Touch-free shopping and payments could be one of the lasting legacies of the Covid-19 outbreak, as consumers shy away from devices – like ATMs – that require manual keying, according to research from product and design agency Foolproof.
The study, conducted among 2000 UK consumers, identified that 80% of people will change the way they engage with publicly-available technology, in light of the pandemic.
The statistics indicate big implications for retailers, banks, and travel operators, who rely on millions of interactions daily with technologies such as ATMS, ticket machines, chip and pin terminals and self-service checkouts.
Peter Ballard, coo-founder of Foolproof comments: “This survey clearly shows that people are now more averse to touching technology in light of the current pandemic than they were before. What’s more, there are strong indications that these attitudes may become more ingrained in our post Covid-19 future. We need to accept that people will want to touch things far less than they are required to do now.”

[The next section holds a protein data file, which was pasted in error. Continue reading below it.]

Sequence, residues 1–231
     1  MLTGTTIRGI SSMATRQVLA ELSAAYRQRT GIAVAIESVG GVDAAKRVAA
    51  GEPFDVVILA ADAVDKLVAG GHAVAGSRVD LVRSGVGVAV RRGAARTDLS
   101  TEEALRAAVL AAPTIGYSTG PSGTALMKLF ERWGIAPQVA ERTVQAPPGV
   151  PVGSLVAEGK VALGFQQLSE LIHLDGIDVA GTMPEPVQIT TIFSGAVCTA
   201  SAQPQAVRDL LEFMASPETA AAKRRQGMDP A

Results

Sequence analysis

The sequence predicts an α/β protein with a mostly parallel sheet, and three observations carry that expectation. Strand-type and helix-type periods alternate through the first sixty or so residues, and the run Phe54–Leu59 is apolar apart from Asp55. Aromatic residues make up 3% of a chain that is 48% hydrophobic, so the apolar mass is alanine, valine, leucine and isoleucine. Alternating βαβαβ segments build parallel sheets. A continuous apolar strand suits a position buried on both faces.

The findings indicate a need to change touchpoints to reflect new customer attitudes. 72% of the sample say they have either worn gloves or wiped down a public touch surface within the last two weeks.
When asked about future attitudes towards the hygiene of publicly available technology almost 50% of participants say that they will use contactless payment where the limit allows, a quarter of respondents say they will use cash machines less, and only when absolutely necessary, and one fifth say they will do more grocery shopping online.
Ballard continues: “We suggest leading on intermediary changes which reduce touches to purchase such as, styluses, improved mobile payments and QR codes as a way to pay, whilst having a longer-term strategy for the trajectory towards being completely touchless. Further off we could see a boom in touchless interactions rooted in haptics, voice and gesture or see mobile devices facilitating a broader set of interactions beyond payments – this will foster all new touchless experiences.”